While requesting Western funding, the Taliban tightens up on rights.


Women must have male escorts during long taxi journeys, and election commissions are closed.

Even as they appeal to the international community to release frozen humanitarian aid funds and bank accounts, Taliban officials are taking new steps to restrict women’s freedoms and demolish democratic institutions, defying the top two international concerns that have kept most foreign aid at bay as a cold winter approaches for millions of Afghans.

Over the last week, the influential Ministry of Islamic Guidance published guidelines mandating women to wear complete head coverings in public taxis and to be accompanied by a male relative if they travel more than 45 kilometers. The rules further state that taxi drivers must refuse to transport female clients who do not comply and refrain from listening to music while driving since it is “un-Islamic.”

In the political sphere, Taliban spokespeople announced the closure of two national election supervision bodies and two cabinet departments. One long-standing ministry dealt with legislative matters; the second was established in 2019 to promote peace during the prolonged — and ultimately failed — talks to end the 20-year conflict between Islamist rebels and Western-backed government troops.

These activities come on the heels of a number of previous acts, including the military occupation and shutdown of the national independent bar organization. Rights organizations and observers regard the steps as evidence that Afghanistan’s new, highly conservative Islamist rulers are tightening and broadening their hold over society, despite earlier assurances of forbearance after taking power in mid-August.

“The Taliban are reverting to their repressive policies of the past, shattering the myth of a kinder and more moderate Taliban 2.0,” said Michael Kugelman, deputy director of the Asia Program at the Wilson Center in Washington. Even if their leaders carry cellphones and laptops now, he added, “they feel emboldened, and they are not about to change the ideology that defined them” when they held power in Kabul from 1996 to 2001.

According to Kugelman and others, Taliban leaders do not appear to be very concerned about the impending humanitarian disaster, which foreign relief agencies estimate will envelop the poor, drought-stricken nation of 39 million this winter. They imply that the Taliban’s demands for the release of foreign cash are more of a battle of wills — a game of chicken with the West — than a genuine expression of concern about the country’s crumbling economy and growing levels of hunger and cold.

In an interview this week, the Taliban’s deputy spokesperson, Bilal Karimi, stated that while his government “appreciates” foreign help, it is attempting to “handle” the present humanitarian situation with its own resources and charities. “We want to solve problems via dialogue, and we want to have good ties with the rest of the world,” he continued, “but the rest of the world must also desire good relations with us.”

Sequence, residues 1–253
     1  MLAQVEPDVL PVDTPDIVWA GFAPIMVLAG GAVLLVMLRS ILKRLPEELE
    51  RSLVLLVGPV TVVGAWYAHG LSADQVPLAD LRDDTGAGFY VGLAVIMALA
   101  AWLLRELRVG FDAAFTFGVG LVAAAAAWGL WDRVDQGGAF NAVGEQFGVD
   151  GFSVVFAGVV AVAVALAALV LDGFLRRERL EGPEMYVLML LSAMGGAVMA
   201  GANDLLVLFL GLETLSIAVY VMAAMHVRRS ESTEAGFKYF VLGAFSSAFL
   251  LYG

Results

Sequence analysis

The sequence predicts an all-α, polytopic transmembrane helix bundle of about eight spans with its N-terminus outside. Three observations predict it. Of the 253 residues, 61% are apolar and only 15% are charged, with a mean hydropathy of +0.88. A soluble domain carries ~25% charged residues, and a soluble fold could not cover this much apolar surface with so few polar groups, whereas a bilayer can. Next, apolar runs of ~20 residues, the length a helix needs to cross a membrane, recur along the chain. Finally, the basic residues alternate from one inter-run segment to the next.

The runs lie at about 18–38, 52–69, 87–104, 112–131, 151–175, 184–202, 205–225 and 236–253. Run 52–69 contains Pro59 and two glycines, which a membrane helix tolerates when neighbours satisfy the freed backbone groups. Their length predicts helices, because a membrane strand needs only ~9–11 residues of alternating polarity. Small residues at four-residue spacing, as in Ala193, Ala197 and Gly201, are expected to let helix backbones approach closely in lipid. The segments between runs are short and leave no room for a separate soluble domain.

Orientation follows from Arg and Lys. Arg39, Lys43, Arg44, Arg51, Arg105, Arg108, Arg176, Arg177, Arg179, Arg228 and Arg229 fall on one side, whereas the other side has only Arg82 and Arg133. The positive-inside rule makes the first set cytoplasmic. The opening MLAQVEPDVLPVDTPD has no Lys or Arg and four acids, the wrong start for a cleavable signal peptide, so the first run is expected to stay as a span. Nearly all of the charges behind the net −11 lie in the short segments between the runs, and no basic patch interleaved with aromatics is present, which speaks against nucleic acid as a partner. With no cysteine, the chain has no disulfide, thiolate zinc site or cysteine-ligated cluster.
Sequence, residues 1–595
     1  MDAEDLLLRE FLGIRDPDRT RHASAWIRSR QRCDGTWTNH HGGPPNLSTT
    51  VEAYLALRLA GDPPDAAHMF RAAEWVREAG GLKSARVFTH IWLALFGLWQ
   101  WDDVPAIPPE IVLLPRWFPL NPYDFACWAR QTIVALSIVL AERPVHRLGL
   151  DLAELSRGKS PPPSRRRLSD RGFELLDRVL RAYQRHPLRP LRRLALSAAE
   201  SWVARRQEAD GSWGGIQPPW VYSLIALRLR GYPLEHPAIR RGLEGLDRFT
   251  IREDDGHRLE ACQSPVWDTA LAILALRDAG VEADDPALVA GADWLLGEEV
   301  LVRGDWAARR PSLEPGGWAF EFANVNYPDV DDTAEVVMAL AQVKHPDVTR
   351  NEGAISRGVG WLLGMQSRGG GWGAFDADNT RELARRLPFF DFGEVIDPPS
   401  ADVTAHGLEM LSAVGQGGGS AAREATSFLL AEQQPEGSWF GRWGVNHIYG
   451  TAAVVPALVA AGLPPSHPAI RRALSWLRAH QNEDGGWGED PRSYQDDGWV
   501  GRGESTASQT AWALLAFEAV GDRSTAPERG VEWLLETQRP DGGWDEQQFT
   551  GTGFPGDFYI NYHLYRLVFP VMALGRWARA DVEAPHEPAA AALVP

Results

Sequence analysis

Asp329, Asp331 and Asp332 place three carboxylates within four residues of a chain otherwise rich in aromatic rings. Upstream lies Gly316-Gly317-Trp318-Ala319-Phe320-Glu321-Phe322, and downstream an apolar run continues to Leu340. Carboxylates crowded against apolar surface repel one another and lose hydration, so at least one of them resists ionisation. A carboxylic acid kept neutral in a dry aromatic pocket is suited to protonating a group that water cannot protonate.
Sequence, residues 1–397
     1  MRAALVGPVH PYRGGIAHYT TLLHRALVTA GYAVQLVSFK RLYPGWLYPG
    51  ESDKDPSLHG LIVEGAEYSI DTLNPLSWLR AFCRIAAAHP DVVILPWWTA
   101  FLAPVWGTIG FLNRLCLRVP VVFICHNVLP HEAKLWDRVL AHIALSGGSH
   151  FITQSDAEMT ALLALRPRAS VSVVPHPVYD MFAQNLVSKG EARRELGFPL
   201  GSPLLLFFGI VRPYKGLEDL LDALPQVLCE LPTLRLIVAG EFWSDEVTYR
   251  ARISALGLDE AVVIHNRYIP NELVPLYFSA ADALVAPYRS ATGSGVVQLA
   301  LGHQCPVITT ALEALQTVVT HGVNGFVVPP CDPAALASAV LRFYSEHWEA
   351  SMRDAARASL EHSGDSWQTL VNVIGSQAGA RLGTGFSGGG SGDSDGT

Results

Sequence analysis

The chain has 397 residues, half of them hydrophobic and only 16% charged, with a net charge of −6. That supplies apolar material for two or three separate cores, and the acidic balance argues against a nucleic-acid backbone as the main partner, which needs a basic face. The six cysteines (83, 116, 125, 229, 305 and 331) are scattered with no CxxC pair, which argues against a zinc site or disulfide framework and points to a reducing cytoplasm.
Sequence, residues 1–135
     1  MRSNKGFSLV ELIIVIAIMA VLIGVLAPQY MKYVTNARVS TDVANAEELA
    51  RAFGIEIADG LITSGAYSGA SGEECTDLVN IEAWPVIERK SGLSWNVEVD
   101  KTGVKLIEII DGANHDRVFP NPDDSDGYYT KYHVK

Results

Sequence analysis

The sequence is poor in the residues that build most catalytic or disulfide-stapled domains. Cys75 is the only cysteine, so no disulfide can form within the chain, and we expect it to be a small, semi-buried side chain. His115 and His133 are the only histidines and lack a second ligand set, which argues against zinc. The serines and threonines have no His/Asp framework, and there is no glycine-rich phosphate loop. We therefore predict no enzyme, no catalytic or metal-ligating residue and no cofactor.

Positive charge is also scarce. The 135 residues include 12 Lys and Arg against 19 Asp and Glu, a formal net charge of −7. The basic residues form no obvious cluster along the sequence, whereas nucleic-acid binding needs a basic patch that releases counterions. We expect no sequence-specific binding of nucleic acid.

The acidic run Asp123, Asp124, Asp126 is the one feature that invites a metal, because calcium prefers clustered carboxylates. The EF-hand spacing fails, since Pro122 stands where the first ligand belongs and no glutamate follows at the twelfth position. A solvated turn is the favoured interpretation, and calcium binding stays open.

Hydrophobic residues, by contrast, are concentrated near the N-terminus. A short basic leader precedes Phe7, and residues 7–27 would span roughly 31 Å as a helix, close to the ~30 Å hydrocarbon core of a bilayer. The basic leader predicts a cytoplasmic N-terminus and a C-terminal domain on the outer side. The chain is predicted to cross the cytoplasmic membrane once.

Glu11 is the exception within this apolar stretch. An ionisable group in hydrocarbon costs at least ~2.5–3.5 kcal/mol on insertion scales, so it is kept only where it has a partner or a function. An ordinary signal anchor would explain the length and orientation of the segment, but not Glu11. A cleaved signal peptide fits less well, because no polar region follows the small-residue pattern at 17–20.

When asked about the new limits on women, he stated that his administration is “even more devoted to women’s rights than others” and that there are “no barriers” to women working or studying as long as they are physically segregated from males.

“We fought for 20 years for an Islamic system,” he said. “We are still working on putting the mechanisms in place, but we need more time.”

Karimi stated that he had “no clue” of the new travel limits for women outlined in a handwritten directive issued by the Ministry for the Promotion of Virtue and the Prevention of Vice. “This is an Islamic society, and it is natural for women to wear hijab anyhow,” he said, adding that the ministry’s statements are “recommendations, not requirements.”

Human rights groups, on the other hand, compared the new rules to the draconian restrictions imposed on women’s activities during the first Taliban regime, when those who ventured outdoors without a male relative, or who failed to cover their faces and bodies with voluminous burqas, risked being punished with lashings by vigilantes from the same ministry.

“This will have a huge impact on women and girls. It will make it difficult for those who want to study at universities away from home, and it will stop those fleeing to escape domestic violence,” said Heather Barr, an official of the women’s rights division at Human Rights Watch in New York. “This is another move toward making girls and women prisoners in their own homes, and a signal that more such violations may be coming.”

In Kabul this week, lines of male taxi drivers waited at busy outdoor bazaars, calling out their destinations, and groups of women crammed inside them with their purchases. One young woman in a fashionable outfit and makeup, sorting through a sidewalk table of secondhand sweaters, said she was very upset about the new travel rules.

“The situation is getting more and more difficult for us,” said Shaqaf Salah, who said she was forced to quit pre-med studies. “I am married and educated, and still I have no rights. I was a very good student, and now I am sitting at home. My husband is with me today, but what if he wasn’t? How would I get out of the house?”

On Wednesday, a group of approximately 50 women staged a brief demonstration in downtown Kabul, demanding that the US and other foreign governments give funding to the Afghan government. They said that women bore the weight of poverty and want the freedom to work, but they blamed the West primarily, and they carried banners that read, “Joe Biden, my children have nothing to eat.” The Biden administration has withheld more than $8 billion in Afghan government assets, however it has begun to redirect monies to humanitarian relief programs.

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